specially and state separately its conclusions of law thereon before the entry of judgment.
The failure to do so constitutes neglect of duty on the part of the trial court, and if it appears
on appeal that the rule has not been complied with, the case may be remanded for
Based on all the above, we find that the circuit court erred by awarding Michael T. attorney's fees and costs because Jean K. did not have an adequate opportunity to challenge whether such fees were incurred in the abuse and neglect proceedings and the reasonableness of the amount of fees sought. The circuit court abused its discretion by failing to make any findings of fact and conclusions of law in the final order with regard to the amount of fees awarded. (See footnote 6) Accordingly, the final order of the circuit court is reversed with regard to the amount of attorney's fees awarded to Michael T., and this case is remanded to the circuit court to allow Jean K. the opportunity to present evidence concerning the reasonableness of the amount of attorney fees and costs submitted by Michael T. Because the circuit court presided over all the abuse and neglect proceedings, such evidence may be presented by written submission and oral arguments if desired by the parties. The circuit court should then enter an order that contains sufficient findings of fact and conclusions of law with regard to the attorney's fees and costs that are awarded.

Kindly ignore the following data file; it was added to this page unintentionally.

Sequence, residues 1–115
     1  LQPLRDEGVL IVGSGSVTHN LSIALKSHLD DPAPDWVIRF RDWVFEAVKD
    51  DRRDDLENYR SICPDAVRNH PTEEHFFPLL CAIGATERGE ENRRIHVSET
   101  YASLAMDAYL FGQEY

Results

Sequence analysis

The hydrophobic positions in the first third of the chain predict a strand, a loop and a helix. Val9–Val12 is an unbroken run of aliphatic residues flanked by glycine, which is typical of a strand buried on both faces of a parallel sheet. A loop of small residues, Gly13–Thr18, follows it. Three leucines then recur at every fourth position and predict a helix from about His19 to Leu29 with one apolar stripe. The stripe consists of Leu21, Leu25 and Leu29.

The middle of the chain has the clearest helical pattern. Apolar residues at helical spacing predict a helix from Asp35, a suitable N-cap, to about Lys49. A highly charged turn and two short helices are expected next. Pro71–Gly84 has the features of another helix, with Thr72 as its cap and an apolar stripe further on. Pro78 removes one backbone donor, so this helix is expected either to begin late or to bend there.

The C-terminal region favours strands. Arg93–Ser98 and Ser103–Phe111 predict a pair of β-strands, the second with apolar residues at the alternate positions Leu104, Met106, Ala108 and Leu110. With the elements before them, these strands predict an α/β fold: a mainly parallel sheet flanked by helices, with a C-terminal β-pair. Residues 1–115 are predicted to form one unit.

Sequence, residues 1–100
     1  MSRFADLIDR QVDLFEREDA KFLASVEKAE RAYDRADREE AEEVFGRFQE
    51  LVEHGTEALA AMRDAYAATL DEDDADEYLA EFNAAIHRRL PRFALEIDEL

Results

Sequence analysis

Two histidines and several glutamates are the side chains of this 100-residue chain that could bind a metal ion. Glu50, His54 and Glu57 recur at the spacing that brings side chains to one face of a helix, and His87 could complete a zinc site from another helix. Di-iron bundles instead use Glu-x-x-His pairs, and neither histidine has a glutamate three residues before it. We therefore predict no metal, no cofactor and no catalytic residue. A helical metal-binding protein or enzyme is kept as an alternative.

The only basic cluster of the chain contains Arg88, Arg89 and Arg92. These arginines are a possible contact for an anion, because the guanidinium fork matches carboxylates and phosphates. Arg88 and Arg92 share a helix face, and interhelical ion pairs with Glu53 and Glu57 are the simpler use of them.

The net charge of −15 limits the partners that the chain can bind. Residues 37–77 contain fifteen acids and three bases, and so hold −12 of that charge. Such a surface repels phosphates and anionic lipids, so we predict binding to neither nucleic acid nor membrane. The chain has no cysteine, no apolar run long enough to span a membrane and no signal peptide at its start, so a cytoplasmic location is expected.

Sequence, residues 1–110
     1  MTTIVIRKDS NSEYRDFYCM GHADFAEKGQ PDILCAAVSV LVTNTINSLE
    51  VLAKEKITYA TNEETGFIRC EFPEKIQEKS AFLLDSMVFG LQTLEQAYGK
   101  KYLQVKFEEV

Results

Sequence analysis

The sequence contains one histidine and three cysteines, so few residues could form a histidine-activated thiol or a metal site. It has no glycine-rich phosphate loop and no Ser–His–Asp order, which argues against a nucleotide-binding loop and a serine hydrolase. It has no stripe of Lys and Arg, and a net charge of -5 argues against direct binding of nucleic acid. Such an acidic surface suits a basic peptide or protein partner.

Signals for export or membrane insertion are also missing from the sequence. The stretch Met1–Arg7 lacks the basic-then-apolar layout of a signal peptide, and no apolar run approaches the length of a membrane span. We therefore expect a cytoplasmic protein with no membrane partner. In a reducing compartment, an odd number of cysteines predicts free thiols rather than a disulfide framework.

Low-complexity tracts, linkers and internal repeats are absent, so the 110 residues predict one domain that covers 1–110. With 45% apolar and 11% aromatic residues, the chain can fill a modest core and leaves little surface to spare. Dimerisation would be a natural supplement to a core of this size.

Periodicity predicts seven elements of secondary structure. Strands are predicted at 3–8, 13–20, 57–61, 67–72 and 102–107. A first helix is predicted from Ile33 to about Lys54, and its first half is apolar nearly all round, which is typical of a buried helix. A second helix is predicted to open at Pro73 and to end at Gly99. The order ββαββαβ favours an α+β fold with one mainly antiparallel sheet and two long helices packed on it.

In determining the appropriate amount of fees and costs to be awarded, the circuit court should be mindful of this Court's holding in Syllabus Point 4 of Pitrolo which provides that,
Where attorney's fees are sought against a third party, the test of what should be considered a reasonable fee is determined not solely by the fee arrangement between the attorney and his client. The reasonableness of attorney's fees is generally based on broader factors such as: (1) the time and labor required; (2) the novelty and difficulty of the questions; (3) the skill requisite to perform the legal service properly; (4) the preclusion of other employment by the attorney due to acceptance of the case; (5) the customary fee; (6) whether the fee is fixed or contingent; (7) time limitations imposed by the client or the circumstances; (8) the amount involved and the results obtained; (9) the experience, reputation, and ability of the attorneys; (10) the undesirability of the case; (11) the nature and length of the professional relationship with the client; and (12) awards in similar cases.